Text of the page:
Wisconsin City Updating Regulations For Grease Interceptors
The city of Superior Wisconsin is on the cusp of implementing significant changes to its sewer usage ordinance, a move that’s been brewing for several years. These impending changes are a direct result of a pretreatment compliance audit by a state-level Natural Resources Department conducted a few years ago.
With the endorsement of the Public Works Committee, these amendments are poised to bring substantial alterations in the way local businesses, especially those in the food service industry, manage their grease interceptors and waste disposal.
One of the key aspects of these changes revolves around local limits on specific discharges. It includes more stringent recordkeeping requirements for liquid waste haulers.
But the most notable impact will be on food-serving establishments, including restaurants, hotels, schools, and hospitals. These entities will soon face stricter regulations regarding the disposal of fats, oils, and grease.
They will delay enforcement of these regulations to give the City’s Environmental Services Division sufficient time to collaborate and educate the concerned establishments. This approach is designed to foster a sense of partnership and ensure thorough compliance with the updated grease interceptor regulations.
According to a representative from the Environmental Services Division, these new regulations will be applicable to any establishment with a commercial kitchen. While the state’s plumbing code already mandates that food-serving establishments are equipped with grease interceptors, the updated ordinance aims to ensure these interceptors are not just present, but also well-maintained and functioning optimally.
The intention is to shift from a somewhat passive approach to a more proactive one, where the City can actively enforce maintenance of these grease interceptors, particularly when issues arise in the sewer system due to fats, grease, or oil.
This change in the ordinance is not just about enforcement but also about prevention. Currently, there is a lack of regular inspections to check if interceptors in food-serving establishments are up to the mark.
The new regulations will rectify this by enabling the City to conduct these inspections and establish a structured approach to identify and address problem areas. It’s about moving towards a scenario where the City can actively engage in educating establishments and ensuring compliance.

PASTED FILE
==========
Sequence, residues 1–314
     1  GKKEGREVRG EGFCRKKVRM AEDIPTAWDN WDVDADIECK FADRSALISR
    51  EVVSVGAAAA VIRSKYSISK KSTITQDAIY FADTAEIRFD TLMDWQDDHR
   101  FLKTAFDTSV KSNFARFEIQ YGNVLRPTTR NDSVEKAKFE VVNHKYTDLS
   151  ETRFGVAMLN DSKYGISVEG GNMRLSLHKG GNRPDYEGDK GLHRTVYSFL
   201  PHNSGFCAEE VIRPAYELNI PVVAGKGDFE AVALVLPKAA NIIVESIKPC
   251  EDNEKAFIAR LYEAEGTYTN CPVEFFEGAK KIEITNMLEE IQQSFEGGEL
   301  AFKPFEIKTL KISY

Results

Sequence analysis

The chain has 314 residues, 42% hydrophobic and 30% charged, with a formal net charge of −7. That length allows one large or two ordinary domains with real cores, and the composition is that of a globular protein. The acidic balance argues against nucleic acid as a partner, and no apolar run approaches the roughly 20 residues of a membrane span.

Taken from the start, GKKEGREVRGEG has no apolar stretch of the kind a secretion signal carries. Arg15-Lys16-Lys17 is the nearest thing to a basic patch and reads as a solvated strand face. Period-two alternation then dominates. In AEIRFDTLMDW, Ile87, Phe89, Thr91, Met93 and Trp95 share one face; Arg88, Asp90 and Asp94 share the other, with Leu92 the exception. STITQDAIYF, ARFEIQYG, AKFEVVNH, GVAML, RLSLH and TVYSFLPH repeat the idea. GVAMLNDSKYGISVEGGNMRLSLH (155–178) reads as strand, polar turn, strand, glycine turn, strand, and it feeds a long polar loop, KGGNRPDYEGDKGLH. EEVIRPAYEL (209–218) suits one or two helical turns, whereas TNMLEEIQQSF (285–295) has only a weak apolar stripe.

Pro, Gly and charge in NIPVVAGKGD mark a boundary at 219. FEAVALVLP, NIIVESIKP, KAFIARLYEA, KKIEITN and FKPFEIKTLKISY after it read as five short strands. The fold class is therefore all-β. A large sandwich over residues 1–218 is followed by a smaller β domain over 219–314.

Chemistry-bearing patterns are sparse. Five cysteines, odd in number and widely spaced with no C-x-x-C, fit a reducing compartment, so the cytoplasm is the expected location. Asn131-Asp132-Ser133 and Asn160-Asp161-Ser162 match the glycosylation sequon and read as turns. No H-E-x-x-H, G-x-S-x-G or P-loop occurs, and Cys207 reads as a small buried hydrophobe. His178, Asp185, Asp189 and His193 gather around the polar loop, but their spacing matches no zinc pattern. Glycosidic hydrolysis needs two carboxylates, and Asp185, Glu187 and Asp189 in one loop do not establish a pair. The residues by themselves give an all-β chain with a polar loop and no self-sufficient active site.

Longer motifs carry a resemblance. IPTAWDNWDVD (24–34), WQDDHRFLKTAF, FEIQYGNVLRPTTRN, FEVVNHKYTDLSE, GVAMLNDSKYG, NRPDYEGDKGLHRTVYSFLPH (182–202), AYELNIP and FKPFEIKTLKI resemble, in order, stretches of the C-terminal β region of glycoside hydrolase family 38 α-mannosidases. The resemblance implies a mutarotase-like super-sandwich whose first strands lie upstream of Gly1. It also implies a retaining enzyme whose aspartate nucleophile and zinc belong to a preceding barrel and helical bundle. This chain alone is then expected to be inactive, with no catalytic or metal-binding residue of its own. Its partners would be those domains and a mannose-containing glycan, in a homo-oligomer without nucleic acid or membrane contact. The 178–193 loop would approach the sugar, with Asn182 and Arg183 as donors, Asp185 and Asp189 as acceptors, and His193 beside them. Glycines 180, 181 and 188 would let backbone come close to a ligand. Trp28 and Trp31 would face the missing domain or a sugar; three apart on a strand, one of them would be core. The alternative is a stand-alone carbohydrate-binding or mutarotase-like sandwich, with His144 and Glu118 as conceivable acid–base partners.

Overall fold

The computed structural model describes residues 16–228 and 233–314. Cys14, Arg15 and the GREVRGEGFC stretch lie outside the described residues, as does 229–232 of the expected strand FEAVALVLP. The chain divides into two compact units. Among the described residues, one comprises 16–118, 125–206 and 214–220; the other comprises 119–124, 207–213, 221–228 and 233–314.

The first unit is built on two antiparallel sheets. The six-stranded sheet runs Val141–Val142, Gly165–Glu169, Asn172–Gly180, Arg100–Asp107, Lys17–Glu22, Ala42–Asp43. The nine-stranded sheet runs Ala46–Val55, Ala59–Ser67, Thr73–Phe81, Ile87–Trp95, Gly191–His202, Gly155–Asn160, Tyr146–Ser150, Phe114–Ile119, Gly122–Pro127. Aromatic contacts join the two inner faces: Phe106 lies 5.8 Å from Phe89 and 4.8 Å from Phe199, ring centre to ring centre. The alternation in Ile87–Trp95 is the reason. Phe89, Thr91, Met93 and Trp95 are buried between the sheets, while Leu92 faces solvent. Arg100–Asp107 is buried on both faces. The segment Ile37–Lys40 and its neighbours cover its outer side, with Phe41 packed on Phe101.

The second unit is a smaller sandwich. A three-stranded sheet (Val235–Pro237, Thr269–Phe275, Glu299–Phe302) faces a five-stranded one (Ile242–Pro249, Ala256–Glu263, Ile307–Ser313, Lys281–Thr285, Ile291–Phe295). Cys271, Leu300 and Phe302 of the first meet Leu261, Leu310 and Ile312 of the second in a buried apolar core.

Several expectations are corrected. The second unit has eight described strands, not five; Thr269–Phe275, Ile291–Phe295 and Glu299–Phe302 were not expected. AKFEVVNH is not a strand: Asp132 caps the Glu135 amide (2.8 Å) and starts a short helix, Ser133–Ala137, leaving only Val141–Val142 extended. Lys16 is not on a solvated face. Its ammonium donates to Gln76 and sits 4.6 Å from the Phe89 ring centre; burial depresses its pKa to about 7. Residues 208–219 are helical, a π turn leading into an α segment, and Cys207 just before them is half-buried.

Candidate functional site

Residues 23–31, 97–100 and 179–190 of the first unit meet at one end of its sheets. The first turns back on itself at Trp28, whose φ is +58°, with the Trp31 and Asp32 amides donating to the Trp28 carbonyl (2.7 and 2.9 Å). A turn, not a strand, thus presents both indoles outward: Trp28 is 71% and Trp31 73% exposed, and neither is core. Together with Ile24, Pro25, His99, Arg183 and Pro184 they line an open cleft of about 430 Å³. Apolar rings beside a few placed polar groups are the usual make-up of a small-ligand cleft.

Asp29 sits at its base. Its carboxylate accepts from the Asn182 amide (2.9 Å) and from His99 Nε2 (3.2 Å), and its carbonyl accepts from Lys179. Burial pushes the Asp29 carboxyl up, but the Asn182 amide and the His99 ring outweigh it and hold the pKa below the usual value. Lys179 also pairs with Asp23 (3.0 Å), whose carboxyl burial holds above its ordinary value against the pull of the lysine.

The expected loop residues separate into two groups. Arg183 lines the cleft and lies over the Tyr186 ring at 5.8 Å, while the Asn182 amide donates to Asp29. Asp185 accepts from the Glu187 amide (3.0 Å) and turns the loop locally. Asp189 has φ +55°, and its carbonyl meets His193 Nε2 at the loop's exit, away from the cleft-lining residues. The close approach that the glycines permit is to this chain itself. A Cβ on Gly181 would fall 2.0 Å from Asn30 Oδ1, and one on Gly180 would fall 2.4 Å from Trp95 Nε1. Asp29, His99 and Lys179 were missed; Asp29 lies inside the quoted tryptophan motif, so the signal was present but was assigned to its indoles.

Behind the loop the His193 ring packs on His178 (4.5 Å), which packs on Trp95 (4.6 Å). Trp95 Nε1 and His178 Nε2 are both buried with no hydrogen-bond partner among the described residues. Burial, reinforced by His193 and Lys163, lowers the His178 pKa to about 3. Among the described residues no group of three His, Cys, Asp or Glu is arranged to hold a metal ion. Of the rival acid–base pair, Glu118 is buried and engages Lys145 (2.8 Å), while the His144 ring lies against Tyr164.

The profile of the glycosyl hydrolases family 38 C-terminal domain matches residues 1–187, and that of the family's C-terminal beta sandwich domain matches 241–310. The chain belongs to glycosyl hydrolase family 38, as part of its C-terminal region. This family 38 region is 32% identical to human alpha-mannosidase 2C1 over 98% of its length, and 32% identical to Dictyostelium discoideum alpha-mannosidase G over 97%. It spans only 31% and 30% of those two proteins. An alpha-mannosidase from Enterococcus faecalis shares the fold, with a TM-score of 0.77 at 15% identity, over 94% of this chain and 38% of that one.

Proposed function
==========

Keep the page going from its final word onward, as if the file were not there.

The practical benefits of these ordinance changes extend beyond compliance. The City’s Environmental Services Division’s collections crew currently conducts semi-annual sewer cleanings, with extra efforts concentrated in areas downstream of food-serving establishments.
These cleanings are essential to manage the buildup of fats, oils, and greases, which can lead to blockages, sewage backups, and sanitary sewer overflows. The ordinance change is expected to mitigate some of these issues, thus potentially reducing the frequency and intensity of these cleanings, as explained by the Public Works Director.
To address this issue at a behavioral level, the City has begun distributing information packets and containers specifically designed for the disposal of fats, oils, and grease. This initiative indicates a shift towards a more holistic approach, combining regulatory changes with efforts to influence individual behaviors.
With the implementation of these new regulations, the focus now shifts to awareness and preparation. The City is gearing up to work closely with the affected establishments to ensure they are well-informed about the new requirements and are fully prepared to comply. This approach aims to avoid any surprises and ensure a smooth transition to the new grease interceptor regulations, benefiting both the City’s infrastructure and the community at large.
If you’d like to keep food debris from clogging your grease interceptor so you won’t need to have it pumped out as often, consider installing The Drain Strainer.
Invented by a former restaurant owner, The Drain Strainer captures food solids that normally clog your pipes and grease trap, while still allowing your sinks to drain quickly.